Valley farmers worried as groundwater levels remain low

FRESNO, Calif. (KFSN) -- Throughout western Fresno County, fertile land has been taken out of production because the irrigation supply isn't stable enough to bring a crop to harvest.

Many of Joe Del Bosque's dry fields in Firebaugh will stay that way this season.

"We pulled out our asparagus and we're not planting our sweet corn, so we're down to just two crops - almonds and our melons," he said.

Del Bosque normally would grow asparagus on the 100-acre plot and keep a group of loyal workers busy through the summer.

"We've been growing asparagus for like 22 years, and about 70 people lost their jobs as a result of that," he said.

Without adequate surface water delivered from reservoirs, some growers must continue to pump groundwater from their wells.

But the California Groundwater Live website shows 64% of monitored wells are below normal.

"We are seeing groundwater tables in some places drop very significantly, so it does become concerning," says Fresno County Farm Bureau CEO Ryan Jacobsen.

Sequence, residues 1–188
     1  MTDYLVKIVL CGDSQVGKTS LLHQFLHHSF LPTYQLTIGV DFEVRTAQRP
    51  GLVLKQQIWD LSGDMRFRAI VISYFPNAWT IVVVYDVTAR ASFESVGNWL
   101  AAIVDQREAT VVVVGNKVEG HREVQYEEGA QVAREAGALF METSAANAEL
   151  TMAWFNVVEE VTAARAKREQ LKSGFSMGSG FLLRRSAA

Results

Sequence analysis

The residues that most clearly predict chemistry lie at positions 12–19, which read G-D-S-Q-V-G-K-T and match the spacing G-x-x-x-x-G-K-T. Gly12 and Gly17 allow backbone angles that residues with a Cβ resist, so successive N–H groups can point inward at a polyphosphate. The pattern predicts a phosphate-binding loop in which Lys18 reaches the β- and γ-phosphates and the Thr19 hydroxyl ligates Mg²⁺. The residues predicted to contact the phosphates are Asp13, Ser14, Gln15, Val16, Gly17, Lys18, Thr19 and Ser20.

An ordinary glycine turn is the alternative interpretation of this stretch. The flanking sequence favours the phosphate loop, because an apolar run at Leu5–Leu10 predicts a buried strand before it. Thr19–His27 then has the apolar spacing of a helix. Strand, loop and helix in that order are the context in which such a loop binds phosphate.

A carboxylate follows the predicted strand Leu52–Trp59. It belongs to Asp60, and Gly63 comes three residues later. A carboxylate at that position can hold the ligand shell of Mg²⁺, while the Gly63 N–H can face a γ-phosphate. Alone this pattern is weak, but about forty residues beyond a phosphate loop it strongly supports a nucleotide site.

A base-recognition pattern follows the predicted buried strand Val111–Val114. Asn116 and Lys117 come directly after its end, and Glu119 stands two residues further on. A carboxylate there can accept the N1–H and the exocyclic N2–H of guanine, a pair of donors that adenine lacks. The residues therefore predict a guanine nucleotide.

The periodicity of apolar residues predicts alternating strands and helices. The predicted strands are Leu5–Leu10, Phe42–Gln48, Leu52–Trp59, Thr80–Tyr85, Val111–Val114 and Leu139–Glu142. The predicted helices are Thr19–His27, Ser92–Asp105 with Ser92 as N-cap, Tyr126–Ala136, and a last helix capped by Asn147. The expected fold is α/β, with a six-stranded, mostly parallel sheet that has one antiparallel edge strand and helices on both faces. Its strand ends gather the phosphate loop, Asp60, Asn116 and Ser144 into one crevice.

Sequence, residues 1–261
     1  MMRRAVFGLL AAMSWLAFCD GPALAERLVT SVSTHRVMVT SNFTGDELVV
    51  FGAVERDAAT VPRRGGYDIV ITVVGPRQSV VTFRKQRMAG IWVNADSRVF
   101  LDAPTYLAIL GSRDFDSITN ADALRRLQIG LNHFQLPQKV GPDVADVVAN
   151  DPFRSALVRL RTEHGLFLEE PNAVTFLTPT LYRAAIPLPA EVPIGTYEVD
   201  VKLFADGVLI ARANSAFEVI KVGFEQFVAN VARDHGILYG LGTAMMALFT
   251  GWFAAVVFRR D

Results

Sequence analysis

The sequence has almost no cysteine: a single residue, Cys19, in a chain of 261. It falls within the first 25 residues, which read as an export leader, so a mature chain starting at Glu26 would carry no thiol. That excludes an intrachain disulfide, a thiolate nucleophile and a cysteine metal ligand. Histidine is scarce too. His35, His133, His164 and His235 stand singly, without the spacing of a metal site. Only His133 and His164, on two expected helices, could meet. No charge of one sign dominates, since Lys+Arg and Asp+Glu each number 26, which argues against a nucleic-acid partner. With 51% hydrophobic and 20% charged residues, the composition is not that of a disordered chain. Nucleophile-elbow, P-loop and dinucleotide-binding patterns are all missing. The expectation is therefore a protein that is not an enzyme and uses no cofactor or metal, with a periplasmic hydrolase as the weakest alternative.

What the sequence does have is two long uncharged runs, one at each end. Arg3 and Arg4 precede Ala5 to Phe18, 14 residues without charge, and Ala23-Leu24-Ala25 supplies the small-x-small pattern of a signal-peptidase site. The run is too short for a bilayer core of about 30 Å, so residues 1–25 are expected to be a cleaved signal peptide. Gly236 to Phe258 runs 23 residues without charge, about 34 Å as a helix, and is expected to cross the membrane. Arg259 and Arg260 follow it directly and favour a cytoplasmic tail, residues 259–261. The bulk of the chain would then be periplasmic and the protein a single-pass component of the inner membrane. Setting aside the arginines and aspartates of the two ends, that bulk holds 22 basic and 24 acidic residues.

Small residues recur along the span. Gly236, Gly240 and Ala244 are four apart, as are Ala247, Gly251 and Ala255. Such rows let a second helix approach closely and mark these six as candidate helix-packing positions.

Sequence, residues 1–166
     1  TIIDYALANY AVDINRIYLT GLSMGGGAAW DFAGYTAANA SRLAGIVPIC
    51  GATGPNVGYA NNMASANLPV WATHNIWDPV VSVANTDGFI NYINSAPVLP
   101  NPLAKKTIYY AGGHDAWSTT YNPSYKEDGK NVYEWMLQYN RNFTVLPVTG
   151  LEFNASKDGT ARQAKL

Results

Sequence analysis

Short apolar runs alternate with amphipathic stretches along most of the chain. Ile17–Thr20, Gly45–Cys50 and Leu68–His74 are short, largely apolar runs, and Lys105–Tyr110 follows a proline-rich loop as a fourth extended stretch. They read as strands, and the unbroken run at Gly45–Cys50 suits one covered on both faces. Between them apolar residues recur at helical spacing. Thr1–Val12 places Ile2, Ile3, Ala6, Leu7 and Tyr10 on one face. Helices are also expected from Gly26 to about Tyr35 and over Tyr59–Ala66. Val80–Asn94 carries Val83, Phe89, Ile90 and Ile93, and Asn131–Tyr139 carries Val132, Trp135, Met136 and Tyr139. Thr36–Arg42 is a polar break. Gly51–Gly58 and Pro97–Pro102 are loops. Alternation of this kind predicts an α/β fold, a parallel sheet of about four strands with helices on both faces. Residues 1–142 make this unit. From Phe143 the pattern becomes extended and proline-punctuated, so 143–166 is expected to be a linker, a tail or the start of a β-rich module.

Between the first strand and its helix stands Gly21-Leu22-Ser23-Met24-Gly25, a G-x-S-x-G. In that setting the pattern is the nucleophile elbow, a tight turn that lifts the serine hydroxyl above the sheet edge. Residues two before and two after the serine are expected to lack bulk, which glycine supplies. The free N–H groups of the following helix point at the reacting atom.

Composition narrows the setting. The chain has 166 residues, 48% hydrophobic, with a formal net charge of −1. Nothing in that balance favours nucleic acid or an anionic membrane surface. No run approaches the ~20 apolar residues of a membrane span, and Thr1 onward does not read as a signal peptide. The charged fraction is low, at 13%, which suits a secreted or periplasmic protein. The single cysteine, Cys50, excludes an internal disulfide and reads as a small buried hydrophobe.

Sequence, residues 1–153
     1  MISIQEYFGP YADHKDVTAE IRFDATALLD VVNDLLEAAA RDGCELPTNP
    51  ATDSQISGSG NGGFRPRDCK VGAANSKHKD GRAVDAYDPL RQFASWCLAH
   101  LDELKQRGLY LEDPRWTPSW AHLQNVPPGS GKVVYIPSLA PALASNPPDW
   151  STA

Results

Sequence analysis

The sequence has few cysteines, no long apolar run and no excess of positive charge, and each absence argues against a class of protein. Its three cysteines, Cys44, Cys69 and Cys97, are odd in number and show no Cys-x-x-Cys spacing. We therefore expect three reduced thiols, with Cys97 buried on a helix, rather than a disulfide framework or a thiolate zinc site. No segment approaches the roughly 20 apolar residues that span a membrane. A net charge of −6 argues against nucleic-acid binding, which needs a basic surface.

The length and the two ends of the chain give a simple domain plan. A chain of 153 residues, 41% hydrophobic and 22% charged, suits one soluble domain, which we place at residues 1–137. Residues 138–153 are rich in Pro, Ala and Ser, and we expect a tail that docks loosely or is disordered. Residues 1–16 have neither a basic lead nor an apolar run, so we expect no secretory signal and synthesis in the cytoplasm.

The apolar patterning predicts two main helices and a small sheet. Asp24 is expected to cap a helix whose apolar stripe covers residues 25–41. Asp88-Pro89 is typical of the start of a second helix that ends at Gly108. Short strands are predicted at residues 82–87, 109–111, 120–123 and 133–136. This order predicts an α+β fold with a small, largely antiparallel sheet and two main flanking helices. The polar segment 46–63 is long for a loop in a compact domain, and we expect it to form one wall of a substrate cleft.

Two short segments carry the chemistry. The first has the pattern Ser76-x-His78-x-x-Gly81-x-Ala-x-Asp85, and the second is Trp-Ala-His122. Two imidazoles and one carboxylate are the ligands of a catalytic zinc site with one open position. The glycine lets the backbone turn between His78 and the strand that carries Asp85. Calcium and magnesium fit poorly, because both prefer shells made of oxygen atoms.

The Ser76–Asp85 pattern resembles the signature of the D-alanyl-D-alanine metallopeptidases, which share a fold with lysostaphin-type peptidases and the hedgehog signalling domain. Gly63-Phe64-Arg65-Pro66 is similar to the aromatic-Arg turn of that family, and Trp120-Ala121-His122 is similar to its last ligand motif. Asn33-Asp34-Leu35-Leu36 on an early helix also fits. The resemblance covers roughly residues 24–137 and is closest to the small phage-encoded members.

Most of the wells that measured at an all-time low - in red - are in the Valley.

Del Bosque says the drought challenge is even impacting growers beyond Central California.

"I don't know if we've ever been in a situation quite as bad as this year," he said.

Jacobsen says reduced water deliveries means many other crops won't be grown.

"When it comes to those areas, like those on the west side that have a zero percent allocation, you're going to see a whole lot less on the annual crops go in," he said.

Unfortunately, Del Bosque says consumers may ultimately pay the price at the store.

"That could translate into higher food prices because supply is shorter," he said.

The Department of Water Resources website also showed 102 wells have already run dry in California this year alone.
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